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Kung Pao Pheasant

kung pao pheasant recipe

Photo by Holly A. Heyser

Kung Pao Chicken is one of my absolute favorite dishes whenever I eat Chinese food, even at the cheapy-Chinese steam table places. I think it’s the combination of texture and flavor: Hot, fried chiles, silky chicken, crunchy peanuts. What’s not to love?

I did a little research and learned that, along time ago, this dish was often made with wild Chinese pheasants — the bird is originally from China, not North America — so that gave me a good reason to learn this recipe.

I never found a recipe I really like until I read Fuchsia Dunlop’s Land of Plenty: A Treasury of Authentic Sichuan Cooking. Kung Pao Chicken is originally from Sichuan, and it is supposed to be loaded with chiles and that crazy spice, Sichuan peppercorns, which make your mouth a little numb.

My recipe is a little bolder than hers, a little saucier, too. I like a decent amount of sauce with my rice. When you make this recipe I strongly urge you to seek out the authentic ingredients: Chinese black vinegar, Shaoxing wine, potato starch, Sichuan peppercorns. If you can’t find them, it OK to substitute, but the recipe won’t be authentic.

This recipe was designed for pheasant, and you can buy pheasant breasts online from MacFarlane Pheasants. But it will work with any white meat bird: chicken, chukar and turkey are good alternatives. Come to think of it, this recipe would be fine with shrimp, venison, beef, and pork or wild boar. Let only your imagination limit you.

Serves 4


  • 1 tablespoon sugar
  • 1 tablespoon soy sauce
  • 1 tablespoon Chinese black vinegar or rice vinegar
  • 1 teaspoon potato starch or 1 1/2 teaspoons corn starch
  • 2 teaspoons sesame oil
  • 1/4 cup chicken stock


  • 1/2 teaspoon salt
  • 1 tablespoon soy sauce
  • 1 tablespoon Shaoxing wine or dry sherry
  • 2 teaspoons potato starch or 2 1/2 teaspoons corn starch
  • 1 tablespoon water


  • Skinless breasts from 2 pheasants
  • 5 garlic cloves, sliced thin
  • A 2-inch piece of ginger, peeled and minced (about 2 tablespoons)
  • 5-6 green onions, chopped
  • 10 dried hot chiles (Sichuan, cayenne, etc)
  • 1 teaspoon Sichuan peppercorns
  • 2-3 tablespoons chicken fat, lard or peanut oil
  • 3/4 cup roasted, unsalted peanuts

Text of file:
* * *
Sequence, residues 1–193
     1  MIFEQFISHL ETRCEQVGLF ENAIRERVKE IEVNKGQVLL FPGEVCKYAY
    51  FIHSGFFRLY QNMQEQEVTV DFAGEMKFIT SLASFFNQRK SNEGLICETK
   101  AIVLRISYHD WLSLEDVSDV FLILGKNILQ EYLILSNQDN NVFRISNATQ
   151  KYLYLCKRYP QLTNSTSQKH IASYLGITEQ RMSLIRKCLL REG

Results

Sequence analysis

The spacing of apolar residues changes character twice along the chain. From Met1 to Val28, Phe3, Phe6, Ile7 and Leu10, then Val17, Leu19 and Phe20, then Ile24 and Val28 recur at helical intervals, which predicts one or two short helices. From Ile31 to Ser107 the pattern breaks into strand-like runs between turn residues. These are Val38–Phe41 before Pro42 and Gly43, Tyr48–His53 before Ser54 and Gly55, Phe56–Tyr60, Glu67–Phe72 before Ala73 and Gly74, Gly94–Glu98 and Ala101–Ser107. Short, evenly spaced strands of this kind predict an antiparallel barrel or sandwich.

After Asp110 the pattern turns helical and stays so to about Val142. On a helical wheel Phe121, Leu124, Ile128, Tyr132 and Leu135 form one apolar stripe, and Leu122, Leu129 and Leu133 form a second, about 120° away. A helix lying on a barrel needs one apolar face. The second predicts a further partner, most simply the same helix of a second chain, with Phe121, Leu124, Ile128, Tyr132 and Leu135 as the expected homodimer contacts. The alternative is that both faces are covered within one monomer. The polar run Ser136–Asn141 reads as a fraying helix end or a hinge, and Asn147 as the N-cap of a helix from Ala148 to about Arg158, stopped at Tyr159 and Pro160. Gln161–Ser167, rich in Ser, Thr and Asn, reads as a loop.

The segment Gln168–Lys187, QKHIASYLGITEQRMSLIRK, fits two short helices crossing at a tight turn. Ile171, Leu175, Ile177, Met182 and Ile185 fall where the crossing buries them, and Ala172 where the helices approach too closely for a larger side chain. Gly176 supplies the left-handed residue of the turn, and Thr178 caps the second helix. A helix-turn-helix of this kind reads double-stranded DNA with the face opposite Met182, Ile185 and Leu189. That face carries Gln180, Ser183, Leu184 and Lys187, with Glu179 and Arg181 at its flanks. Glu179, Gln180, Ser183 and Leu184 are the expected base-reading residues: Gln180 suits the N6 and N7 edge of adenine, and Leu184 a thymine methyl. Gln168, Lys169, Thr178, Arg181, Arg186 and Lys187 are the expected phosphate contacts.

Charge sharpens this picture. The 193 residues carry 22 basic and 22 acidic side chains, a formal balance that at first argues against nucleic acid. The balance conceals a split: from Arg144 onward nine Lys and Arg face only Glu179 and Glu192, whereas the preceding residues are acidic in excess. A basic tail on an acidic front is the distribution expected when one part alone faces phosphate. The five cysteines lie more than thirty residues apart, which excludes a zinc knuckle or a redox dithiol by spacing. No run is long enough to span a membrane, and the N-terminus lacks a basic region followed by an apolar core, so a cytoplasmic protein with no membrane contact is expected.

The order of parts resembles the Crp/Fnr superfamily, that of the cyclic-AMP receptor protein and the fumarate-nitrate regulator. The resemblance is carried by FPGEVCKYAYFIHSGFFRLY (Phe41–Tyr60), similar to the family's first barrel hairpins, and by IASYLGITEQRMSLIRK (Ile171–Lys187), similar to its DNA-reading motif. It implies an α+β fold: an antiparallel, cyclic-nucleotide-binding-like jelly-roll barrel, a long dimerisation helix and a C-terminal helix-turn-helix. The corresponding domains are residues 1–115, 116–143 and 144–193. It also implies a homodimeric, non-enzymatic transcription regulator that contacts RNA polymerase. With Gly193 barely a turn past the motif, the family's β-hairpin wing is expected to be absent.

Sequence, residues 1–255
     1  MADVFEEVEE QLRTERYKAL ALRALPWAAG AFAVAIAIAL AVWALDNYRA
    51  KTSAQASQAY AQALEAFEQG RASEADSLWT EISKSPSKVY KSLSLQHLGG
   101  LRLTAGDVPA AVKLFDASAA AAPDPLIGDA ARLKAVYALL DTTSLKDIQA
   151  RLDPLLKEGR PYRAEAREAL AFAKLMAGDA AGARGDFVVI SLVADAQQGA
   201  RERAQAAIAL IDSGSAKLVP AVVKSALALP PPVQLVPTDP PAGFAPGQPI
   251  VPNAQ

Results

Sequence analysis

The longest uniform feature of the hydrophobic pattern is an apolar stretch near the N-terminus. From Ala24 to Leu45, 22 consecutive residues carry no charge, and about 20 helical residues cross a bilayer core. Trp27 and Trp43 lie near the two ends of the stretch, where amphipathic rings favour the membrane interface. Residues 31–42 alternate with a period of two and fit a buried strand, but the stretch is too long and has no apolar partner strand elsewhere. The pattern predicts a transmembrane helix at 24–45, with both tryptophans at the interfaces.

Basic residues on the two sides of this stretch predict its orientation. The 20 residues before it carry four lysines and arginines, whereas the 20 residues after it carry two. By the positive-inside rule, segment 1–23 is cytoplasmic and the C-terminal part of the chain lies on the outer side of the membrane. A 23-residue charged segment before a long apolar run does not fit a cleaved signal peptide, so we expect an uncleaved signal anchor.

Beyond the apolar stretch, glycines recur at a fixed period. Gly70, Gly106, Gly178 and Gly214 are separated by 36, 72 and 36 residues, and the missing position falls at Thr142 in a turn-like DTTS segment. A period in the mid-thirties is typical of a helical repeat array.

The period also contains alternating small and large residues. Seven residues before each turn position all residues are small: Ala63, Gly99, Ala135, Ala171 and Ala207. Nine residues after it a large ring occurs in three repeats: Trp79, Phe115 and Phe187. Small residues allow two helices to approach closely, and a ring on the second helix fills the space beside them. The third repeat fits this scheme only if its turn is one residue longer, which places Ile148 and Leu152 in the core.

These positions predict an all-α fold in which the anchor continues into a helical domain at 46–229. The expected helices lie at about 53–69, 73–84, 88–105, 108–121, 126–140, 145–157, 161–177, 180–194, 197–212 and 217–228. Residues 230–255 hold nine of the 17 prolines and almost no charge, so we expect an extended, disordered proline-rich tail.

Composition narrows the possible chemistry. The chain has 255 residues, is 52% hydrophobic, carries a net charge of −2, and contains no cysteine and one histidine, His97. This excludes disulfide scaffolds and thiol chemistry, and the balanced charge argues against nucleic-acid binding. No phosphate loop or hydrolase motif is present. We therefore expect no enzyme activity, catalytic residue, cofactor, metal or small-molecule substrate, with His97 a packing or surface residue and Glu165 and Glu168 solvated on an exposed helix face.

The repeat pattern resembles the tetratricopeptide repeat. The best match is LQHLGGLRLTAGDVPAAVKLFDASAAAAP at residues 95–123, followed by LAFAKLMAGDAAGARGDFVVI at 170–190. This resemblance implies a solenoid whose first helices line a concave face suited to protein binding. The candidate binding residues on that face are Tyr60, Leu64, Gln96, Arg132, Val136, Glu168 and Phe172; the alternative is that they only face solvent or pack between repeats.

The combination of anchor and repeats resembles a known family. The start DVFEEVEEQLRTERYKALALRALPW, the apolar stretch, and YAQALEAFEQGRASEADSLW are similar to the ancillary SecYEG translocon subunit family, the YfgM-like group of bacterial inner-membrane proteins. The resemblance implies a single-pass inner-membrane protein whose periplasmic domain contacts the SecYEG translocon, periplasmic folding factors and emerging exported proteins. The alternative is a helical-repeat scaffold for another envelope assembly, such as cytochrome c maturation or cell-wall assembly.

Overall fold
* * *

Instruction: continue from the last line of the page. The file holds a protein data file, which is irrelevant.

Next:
1. Whisk all the ingredients for the sauce together and set aside.
  2. Whisk together all the ingredients for the marinade in a medium bowl.
  3. Cut the pheasant breasts into small chunks of about 1/2 inch across and mix in with the marinade ingredients. Set aside for 20-30 minutes.
  4. Meanwhile, slice the garlic cloves into slivers, mince the ginger as fine as you can and cut the green onions into 1/2-inch pieces. Break the dried chiles into 1/2-inch pieces and shake out as many seeds as you can.
  5. Set a wok over high heat for 1-2 minutes. Add the chicken fat and heat this for another minute. Add the Sichuan peppercorns and the dried chiles and stir-fry 30 seconds.
  6. Add the pheasant and stir-fry for 30 seconds, then add the garlic, ginger and green onions and stir fry another 15-20 seconds.
  7. Stir the sauce well and pour it into the wok. Add the peanuts and toss to combine. Bring to a rapid boil and stir fry for 30 seconds. Serve immediately over white rice with a beer.

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9 responses to “Kung Pao Pheasant”

  1. Beast Feast, Venison Jerky, Pemmican, and the Zombie Apocalypse. « thenouveaujaeger

    […] supplied the main courses, about 8 pounds of Venison Steaks and 5 pounds of Kung Pao Pheasant. To cook the venison, I let the steaks warm to room temperature, patted them dry, salted and […]

  2. Ivriniel

    Thank you for this recipe!

    In the 90’s I spent 3 weeks in Ya’an, Sichuan, a little city on the road between Chengdu and Lhasa, Tibet.

    Back in North America, I’ve never been able to find anything as good as the chicken that the cook at the Foreign Students Residence at Sichuan Agricultural University used to make for us.

    I’m happy to give this a whirl and see if it is more like what I remember.

  3. Will

    I’ve made this and the Dong’an pheasant a few times, as I keep getting pre-packaged frozen bags of skinned breasts and legs. The breasts go into this and the legs get simmered for a stock then shredded and used for the Dong’an, with the lovely soup for the next day. Red bell pepper is a nice addition to this one, if anyone is looking to add some veggieness. Just add some chunked up when you add the ginger and green onions.

    Hank, your site is great and it’s been helping me through mountains of game meat. I know lots of hunters who don’t eat a ton of game or whose wives find the idea of eating wild animals icky, but who know I love to cook.

    Keep the recipes coming, I’m a daily visitor and I’ve learned something with every new recipe I’ve tried.

  4. Phun with Pheasants « Intercontinental Ballistic Exile

    […] recipe came from the website, you can find it here, and was delicious. The second recipe was from and was meant for chicken but […]

  5. just me

    Just made this with pheasant from yesterday’s take (Tehachapi, Ca). So delicious! It’s a keeper!

  6. Chad Low

    Okay so I have been unable to find the Shaoxing wine on a couple attempts. Is this a liquor store item, or could I find it in a large supermarket or asian market? I guess one point worth mentioning is that I live in Utah.

  7. Chad Low

    Thanks Hank, I have been using the dry sherry, but was looking to get more authentic. Is the alcohol content high enough that it would be regulated as a liquor, or low enough it could be ordered online? We have some pretty lame liquor laws in Utah. I have never seen anything 5% or higher available outside of bars or liquor stores. Certainly no typical wines in the supermarkets. :S

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